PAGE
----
First off, I’ve had a really stinking cold for a week now. I turned to brandy for some respite and all of a sudden it seemed the cold was cured. Drinking more than one bottle of brandy does have it’s disadvantages but at least I appear to turn into a ranting fool rather than a death-threatening ranting fool. One of the dangers of overindulgence is that you think everything you say, think and do is fantastically profound and important. That’s the magick of eau de vie.

On the subject of death-threats, there has been at least one arrest for making death threats to MPs on facebook. I’ve failed to find what was actually said but come on. I’m certain that New Labour ministers and policemen did allsorts of nonsese to me while I was legitimately participating in the democratic process. The problem was that I was good at it ;) These MPs did after all vote to kill people – and it is expected – innocent people too unless these astoundingly super-wonderful weapons of mass destruction ‘Paisley’ missiles have got some truly divine abilities. That’s understandably likely to piss some people off a lot.

More false-flag attacks. C’mon, you’re finding it so easy that you’re not really trying. Don’t forget the issue that the innocent patsies are executed as part of that BS.

Image of Mhairi Black, SNP MP
Mhairi Black, SNP MP

Congratulations to Mhairi Black awarded University of Glasgow’s Young Alumnus of the Year.

Principal and Vice-Chancellor Professor Anton Muscatelli said: “Mhairi has been a true ambassador for the University of Glasgow, demonstrating huge commitment to her final year studies at the same time as canvassing for election.

“Students and staff at the University of Glasgow have shown they can change the world – I am certain that Mhairi will make a difference to the lives of others as she strives to combat poverty in her role as an MP. I am also sure that she will be an inspirational role-model for other young people to engage in the democratic process.”

There are various calls from disgruntled Labour MPs for Corbyn to step-back or disassociate with Stop the War Coalition and the Momentum movement and to refuse to attend the Stop the War fundraiser as guest of honour. Well he has already stepped back from Stop the War but a Corbyn spokesman is entirely correct in saying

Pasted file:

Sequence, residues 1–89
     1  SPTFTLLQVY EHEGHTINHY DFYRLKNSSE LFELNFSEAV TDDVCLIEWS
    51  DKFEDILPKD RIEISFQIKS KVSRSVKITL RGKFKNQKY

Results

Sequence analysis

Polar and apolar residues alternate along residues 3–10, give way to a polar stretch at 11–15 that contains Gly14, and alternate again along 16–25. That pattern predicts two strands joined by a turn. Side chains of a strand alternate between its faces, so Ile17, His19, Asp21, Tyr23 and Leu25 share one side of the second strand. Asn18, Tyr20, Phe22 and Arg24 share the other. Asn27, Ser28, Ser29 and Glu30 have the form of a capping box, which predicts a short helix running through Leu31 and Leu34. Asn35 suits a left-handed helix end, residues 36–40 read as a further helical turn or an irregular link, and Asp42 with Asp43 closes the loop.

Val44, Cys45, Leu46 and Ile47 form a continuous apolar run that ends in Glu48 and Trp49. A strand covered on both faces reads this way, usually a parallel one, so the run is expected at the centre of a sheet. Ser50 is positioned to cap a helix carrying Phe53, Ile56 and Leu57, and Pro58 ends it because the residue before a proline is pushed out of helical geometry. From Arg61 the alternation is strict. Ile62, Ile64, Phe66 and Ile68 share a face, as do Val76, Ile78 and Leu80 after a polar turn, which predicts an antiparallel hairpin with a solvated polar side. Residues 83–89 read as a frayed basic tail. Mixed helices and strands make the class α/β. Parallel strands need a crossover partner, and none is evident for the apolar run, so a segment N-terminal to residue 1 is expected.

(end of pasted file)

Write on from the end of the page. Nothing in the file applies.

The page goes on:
“The anti-war movement has been a vital democratic campaign, which organised the biggest demonstrations in British history and has repeatedly called it right over 14 years of disastrous wars in the wider Middle East,” the spokesman said. “Jeremy Corbyn rejects any form of abuse in politics from any quarter. But he will not accept attempts to portray campaigning, lobbying and protest as somehow beyond the pale. In fact it’s at the heart of democracy”.

Is Corbyn responsible for all actions of all Momentum or Stop the War members and activists? What can he realistically do to stop any online abuse? He appears to be held to a far higher standard than others. Does the left call for Blairites to distance themselves from right-wing thinktanks?

Alex Salmond suggests Corbyn does a shadow cabinet reshuffle. Well, what did they expect?

I’m sure that I read a report that Corbyn’s chief whip Rosie Winterton refused to whip the Labour Party saying that she answers to the shadow cabinet. I can’t find any mention of it now but I’d like to know. Perhaps someone could buy me a ticket to the fundraiser and I’ll ask him?

And lastly, Jeremy Corbyn in a santa hat raising money for refugees.

Image of Jeremy Corbyn in a santa hat raising money for Oxfam's refugee appeal.

slightly later edit: I think that I understand Corbyn’s drive for a new politics. It is a different politics inspired by the Stop the War Coalition. In my case I also saw it in the 2005 G8 campaign.

It’s a real desire for consensus rather than confrontational politics. We did this at my own Stop the War group when delegates were representing the views of the group (which strangely enough is not the way unions and political parties do it).

Cameron claimed that he wanted consensus with the Syria vote. He didn’t and instead simply wanted a win to look the big war leader. Clearly there was and there is division rather than consensus.